CEPN About

Clean Electronics

For Safer Manufacturing


CEPN About

Clean Electronics

For Safer Manufacturing


GOAL: Move towards zero exposure of workers to toxic chemicals in the electronics manufacturing process.

  • Status: Active

  • Focus Area: Fair Labor

  • Start Date: Summer 2015 - formal Network launch June 2016

  • Contact:

About the Network

Click here for an overview of CEPN and our projects!


The Clean Electronics Production Network (CEPN) is a multi-stakeholder Innovation Network, formally launched in June 2016 by the Center for Sustainability Solutions to address complex workplace health and safety challenges in the electronics supply chain.

CEPN serves as a platform for collaborative innovation where diverse stakeholders – including technology suppliers, brands, labor and environmental advocates, governments and other leading experts -- work together to understand, address, and eliminate worker exposures to toxic chemicals in electronics production.

Workers in electronics production facilities around the world—especially in emerging economies—are often involuntarily exposed to toxic chemicals.  CEPN’s participants share a mission to develop solutions that protect the health and safety of front line workers, preferably through elimination and substitution with safer processes and alternative substances. We commit to working together to rapidly pilot and refine those solutions, and to scale them up in the service of our shared goal of moving toward zero exposure of workers to toxic chemicals in the electronics manufacturing process.

Developing high-trust relationships between brands, suppliers, customers, workers and advocates is critical to leveraging their diverse talents and perspectives to address the challenges facing the technology supply chain. Transparency, information sharing, and collective action, even among competitors, enable all stakeholders to more effectively address issues like workplace exposure, which no single organization can resolve on its own.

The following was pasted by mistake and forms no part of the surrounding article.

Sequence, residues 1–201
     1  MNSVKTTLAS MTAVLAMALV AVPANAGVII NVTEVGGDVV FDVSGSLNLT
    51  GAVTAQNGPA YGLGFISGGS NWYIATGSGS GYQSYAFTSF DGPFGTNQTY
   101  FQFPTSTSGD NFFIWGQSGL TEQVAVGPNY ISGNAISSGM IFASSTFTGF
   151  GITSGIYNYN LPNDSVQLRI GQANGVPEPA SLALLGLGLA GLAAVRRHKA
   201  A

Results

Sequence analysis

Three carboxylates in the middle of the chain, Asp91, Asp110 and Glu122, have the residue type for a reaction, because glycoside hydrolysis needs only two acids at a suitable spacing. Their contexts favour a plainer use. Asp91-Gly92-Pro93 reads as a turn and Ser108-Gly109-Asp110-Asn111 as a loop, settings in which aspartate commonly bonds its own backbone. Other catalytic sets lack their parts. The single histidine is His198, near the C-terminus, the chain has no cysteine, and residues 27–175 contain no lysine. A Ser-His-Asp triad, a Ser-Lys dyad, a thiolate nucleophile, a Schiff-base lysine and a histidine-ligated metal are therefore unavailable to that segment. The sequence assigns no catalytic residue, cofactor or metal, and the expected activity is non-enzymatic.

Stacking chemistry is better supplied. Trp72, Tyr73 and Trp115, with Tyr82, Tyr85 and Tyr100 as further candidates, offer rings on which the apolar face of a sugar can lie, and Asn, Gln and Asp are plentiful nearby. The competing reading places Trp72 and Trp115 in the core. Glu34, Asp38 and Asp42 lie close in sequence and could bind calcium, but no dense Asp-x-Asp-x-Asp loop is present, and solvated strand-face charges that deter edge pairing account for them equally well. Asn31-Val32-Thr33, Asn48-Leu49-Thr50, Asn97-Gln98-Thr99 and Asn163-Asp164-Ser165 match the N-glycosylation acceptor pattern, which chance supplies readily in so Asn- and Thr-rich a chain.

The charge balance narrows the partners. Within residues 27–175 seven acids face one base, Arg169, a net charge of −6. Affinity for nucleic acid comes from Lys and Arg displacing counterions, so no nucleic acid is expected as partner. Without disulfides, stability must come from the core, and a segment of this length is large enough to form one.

Over the past year, Network members have shared their detailed knowledge of the health and safety hazards posed by chemicals used in electronics production and assembly facilities, and have collaborated to develop solutions across five focus areas: Worker Empowerment and Engagement, Tracking and Monitoring Exposures, Qualitative Exposure Assessment, Targeted Safer Substitutions, and Standardized Process Chemicals Data Collection. Our Network prioritizes solutions that address toxic exposures through substitutions or process changes that allow elimination of toxic chemical use wherever possible. The Network supports the active involvement of workers in identifying issues and opportunities for improvement, within our own work and in the operations of individual facilities or firms.

CEPN is in the process of piloting and other real-world testing of our proposed solutions. We look forward to providing ongoing updates on our progress, and to sharing insights with stakeholders across the supply chain to foster best practices. We invite interested parties to join us in testing and refining collaborative solutions to reduce and eliminate toxic chemical exposures to workers in the electronics supply chain.


  • Apple


  • Clean Production Action (CPA)

  • Dell

  • Responsible Business Alliance (RBA) / Electronics Industry Citizenship Coalition (EICC)

  • US EPA

  • Fairphone

  • Flex

  • HP, Inc.

  • International Campaign for Responsible Technology (ICRT)

  • Inventec Performance Chemicals

  • Scivera

  • Seagate Technology

  • Social Accountability International (SAI)

  • TCO Development

  • The Sustainability Consortium (TSC)

  • UC, Berkeley

  • UC, Irvine

  • U-Mass, Lowell


CEPN Initiatives

CEPN Initiative Groups & Projects

CEPN Initiatives

CEPN Initiative Groups & Projects